New research published in Nature Immunology proposes a technique for finding, recruiting, and genetically profiling SARS-CoV-2 resistant people. Researchers are seeking SARS-CoV-2 resistant individuals globally.
Leading the study is immunologist Evangelos Andreakos and his team from the Academy of Athens. Ontogenetic vulnerability to two contagious diseases (TB) and COVID-19—was examined, as were the three documented cases of inborn resistance to infections. Consider then potential genes for SARS-CoV-2 resistance.
"While we know a lot about the pathophysiology of COVID-19 since it was originally reported in December 2019, we know relatively even less about the human genetic and immunological underpinnings of inborn immunity to SARS-CoV-2," Andreakos explains.
Estimated second attack rates for SARS-CoV-2 infections can account for up to 70% in certain homes, and certain families have been recorded in which all members except one spouse are affected, indicating that certain highly exposed individuals may be immune to infection with this virus.
Blood Type O
Last year, they found that blood type O tended to be resistant to chronic SARS-CoV-2 infection. Other research has looked at proteins like the ACE2 receptor or TMEM41B that the coronavirus appears to need to enter or proliferate within the cell.
"We initially look for uninfected household connections of COVID-19 patients." "We then looked at individuals who are exposed to an index case for at least an hour each day, for the first 3-5 days of symptoms," the researchers wrote.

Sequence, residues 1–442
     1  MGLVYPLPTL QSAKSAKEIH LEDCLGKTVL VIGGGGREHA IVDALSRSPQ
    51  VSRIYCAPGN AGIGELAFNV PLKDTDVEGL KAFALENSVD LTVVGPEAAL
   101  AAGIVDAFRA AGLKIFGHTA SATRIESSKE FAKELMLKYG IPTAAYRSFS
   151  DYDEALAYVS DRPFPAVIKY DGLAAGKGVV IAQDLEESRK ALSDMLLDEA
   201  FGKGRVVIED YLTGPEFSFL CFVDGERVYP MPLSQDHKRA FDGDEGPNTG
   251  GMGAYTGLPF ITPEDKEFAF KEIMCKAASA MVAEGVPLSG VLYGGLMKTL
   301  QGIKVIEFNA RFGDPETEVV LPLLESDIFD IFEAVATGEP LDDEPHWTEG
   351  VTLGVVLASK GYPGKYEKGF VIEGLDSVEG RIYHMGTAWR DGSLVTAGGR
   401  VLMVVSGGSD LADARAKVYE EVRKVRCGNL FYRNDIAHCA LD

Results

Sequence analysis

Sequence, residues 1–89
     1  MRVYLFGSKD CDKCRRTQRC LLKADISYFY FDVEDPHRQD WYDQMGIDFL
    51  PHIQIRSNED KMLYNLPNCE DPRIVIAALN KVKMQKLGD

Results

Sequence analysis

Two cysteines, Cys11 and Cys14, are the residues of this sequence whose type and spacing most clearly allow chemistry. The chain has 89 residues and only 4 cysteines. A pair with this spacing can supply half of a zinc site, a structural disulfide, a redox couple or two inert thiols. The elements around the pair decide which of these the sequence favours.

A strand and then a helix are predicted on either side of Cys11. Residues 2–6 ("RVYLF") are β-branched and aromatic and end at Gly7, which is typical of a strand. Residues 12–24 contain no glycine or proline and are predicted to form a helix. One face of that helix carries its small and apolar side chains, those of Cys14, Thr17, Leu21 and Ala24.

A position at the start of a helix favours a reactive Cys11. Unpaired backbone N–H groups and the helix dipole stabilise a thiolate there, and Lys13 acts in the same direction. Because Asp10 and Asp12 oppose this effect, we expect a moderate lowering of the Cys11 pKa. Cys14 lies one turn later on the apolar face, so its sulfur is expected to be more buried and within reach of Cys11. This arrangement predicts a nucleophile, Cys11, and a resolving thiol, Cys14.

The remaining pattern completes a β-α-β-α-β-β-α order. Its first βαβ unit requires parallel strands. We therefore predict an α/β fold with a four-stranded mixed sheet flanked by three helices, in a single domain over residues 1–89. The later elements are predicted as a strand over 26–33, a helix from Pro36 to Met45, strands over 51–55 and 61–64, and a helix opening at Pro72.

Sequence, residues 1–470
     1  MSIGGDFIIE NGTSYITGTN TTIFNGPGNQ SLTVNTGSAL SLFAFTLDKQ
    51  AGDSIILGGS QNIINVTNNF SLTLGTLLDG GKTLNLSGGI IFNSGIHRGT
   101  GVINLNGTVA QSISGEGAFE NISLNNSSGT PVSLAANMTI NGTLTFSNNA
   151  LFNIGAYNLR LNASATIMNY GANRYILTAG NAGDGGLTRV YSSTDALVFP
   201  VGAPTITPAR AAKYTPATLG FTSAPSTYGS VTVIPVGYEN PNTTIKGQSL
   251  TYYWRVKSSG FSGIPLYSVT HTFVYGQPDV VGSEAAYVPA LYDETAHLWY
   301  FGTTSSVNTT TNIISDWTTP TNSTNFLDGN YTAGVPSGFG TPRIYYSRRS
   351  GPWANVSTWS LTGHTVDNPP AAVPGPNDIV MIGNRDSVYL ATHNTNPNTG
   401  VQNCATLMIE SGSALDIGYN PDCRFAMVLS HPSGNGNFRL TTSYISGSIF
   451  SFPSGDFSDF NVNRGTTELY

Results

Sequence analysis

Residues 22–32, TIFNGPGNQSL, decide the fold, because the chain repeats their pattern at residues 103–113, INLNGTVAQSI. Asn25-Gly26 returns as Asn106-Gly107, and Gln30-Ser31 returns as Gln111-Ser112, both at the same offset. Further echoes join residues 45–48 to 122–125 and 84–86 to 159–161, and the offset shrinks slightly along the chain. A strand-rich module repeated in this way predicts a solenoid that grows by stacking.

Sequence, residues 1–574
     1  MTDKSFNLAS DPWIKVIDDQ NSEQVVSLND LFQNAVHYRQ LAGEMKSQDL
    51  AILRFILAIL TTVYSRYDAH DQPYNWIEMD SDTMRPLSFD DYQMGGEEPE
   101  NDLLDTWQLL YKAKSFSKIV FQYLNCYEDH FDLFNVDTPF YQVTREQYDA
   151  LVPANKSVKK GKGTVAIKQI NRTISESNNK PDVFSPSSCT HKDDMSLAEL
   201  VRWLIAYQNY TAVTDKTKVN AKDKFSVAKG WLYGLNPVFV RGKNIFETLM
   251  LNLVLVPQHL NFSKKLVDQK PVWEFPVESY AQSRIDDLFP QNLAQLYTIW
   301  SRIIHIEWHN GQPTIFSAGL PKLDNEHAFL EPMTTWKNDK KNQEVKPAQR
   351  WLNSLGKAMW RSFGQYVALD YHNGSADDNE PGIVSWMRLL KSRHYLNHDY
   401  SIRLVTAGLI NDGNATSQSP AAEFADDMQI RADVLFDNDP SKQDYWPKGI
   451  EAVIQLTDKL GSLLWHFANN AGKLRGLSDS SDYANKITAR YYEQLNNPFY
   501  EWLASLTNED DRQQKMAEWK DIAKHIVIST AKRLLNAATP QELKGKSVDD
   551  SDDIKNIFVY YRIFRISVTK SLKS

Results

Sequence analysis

This would then be confirmed by negative PCR testing and negative blood testing four weeks following exposure, with an emphasis on T cells to show that the individual has never been infected previously.
The team has already enrolled over 400 individuals who satisfy the criteria for participation in a specialized resistance study group and are continually recruiting more participants.
Genes that drive severe Covid
The genetic composition of individuals influences viral vulnerability and response. It may also help to understand causal connections between controllable environmental risk factors for SARS-CoV-2 infection and consequences.
Journal Nature released a paper on this. The rapid discovery of novel COVID-19 host genetic variables was made feasible by the network of human genetic researchers sharing data, findings, resources, and research approaches.
They created a worldwide network of researchers to analyze SARS-CoV-2 and COVID-19 severity. Three genome-wide association meta-analyses involving up to 49,562 COVID-19 participants from 46 research in 19 countries are reported.
Their research found 13 genome-wide significant loci linked to SARS-CoV-2 infection or severe COVID-19 symptoms. Several of these loci have been linked to pulmonary, autoimmune, and inflammatory diseases3–7. They might also be used to fight infection. Mendelian Randomization studies link smoking and BMI to severe COVID-19 but not type II diabetes.